Traveling is not always easy. It's not like the eternal vacation we all had in our minds when planning things out, and sometimes it can beat us down.
After having a slew of bike issues in the flat and windy far reaches of Patagonia, we were just about ready to give up and go home. Tim and I weren't exactly enjoying ourselves anymore, because if you could see our faces from inside our helmets as we strained against the relentless wind, you would've noticed that we were grimacing and probably swearing with every bad word we could think of.
Intense winds are awful, but our motorcycle falling apart brought us to a whole new level of frustration. The worst was the day after I wrote my last blog, March 3rd. We'd just spent $1,000 on bike repairs, got new tires, a new chain, an oil change, and we were thrilled to be back on the road again... until we got to Puerto Natales, Chile, and noticed oil dripping out of every spot on the engine that it could find. It was a disaster, and we felt defeated.
Being in the middle of nowhere, Tim made a last-ditch attempt at fixing the worst leak with some silicon, waited a day for it to dry, and then as we set off with fingers crossed, miraculously it worked! The major leak was fixed, and the smaller ones were something that we could live with. We were thrilled that we could now continue on our adventure, and lucky for us, our next stop was the picturesque Chilean National Park of Torres del Paine.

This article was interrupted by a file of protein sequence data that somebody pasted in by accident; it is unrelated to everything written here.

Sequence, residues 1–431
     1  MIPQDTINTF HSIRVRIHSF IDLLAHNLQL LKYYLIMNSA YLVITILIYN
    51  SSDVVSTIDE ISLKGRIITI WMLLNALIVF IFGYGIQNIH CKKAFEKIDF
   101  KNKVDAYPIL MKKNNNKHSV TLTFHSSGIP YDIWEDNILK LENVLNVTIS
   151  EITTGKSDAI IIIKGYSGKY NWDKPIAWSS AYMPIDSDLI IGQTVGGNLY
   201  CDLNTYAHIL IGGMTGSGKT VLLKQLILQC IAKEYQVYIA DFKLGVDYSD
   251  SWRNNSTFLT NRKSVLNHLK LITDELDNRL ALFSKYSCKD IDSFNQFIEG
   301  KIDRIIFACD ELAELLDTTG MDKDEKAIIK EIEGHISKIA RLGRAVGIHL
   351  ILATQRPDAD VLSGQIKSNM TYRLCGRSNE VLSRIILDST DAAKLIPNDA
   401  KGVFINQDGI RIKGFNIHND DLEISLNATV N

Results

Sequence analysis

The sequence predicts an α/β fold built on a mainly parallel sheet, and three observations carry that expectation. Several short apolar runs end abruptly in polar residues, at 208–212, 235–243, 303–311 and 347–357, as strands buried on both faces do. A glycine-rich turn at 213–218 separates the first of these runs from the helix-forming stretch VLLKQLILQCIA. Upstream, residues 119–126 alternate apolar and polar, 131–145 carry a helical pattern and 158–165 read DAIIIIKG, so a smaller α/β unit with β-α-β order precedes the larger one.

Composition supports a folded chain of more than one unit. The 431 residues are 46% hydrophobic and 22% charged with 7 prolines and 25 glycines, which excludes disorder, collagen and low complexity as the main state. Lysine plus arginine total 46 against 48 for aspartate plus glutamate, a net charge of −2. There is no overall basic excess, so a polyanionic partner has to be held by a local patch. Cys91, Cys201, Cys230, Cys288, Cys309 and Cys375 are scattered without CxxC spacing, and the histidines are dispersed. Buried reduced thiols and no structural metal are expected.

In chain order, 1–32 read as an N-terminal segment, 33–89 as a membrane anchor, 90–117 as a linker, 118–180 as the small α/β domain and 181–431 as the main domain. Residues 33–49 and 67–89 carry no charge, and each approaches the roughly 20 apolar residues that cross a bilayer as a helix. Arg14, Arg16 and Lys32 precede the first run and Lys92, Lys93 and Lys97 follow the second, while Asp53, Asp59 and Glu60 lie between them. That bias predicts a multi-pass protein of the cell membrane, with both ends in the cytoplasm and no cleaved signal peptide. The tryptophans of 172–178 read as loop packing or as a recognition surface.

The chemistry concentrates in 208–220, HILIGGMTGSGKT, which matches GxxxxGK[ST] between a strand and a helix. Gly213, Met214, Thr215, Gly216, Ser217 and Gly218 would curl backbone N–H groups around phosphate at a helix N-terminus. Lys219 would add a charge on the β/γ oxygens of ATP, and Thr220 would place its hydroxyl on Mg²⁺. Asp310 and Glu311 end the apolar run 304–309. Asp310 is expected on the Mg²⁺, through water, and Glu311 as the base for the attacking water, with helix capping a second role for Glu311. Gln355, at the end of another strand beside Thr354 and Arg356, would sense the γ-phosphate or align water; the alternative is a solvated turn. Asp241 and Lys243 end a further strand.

Torres means “towers" in Spanish, and Paine (PIE-neh, like apple pie) is a local Tehuelche word which means “blue". So these mountains are the Blue Towers, and it's a fitting description, especially since when we were there, it was all blue skies reflecting in the glacial lakes at the base of the snow-capped peaks of the torres.
The park is not cheap to enter (21,000 Chilean Pesos per person for a day-pass, ~$31.50), and it's an extremely popular destination, especially with hikers who pack the place throughout the summer. But for us, it was worth every penny because the traveling gods had finally decided to give us a break from our string of misfortunes by treating us with a glorious day. For the entire week prior it had just been clouds and rain up there, but as we wound our way along the dirt road that snakes through the park, we were greeted with beaming sunshine, breathtaking views, and believe it or not, barely any wind.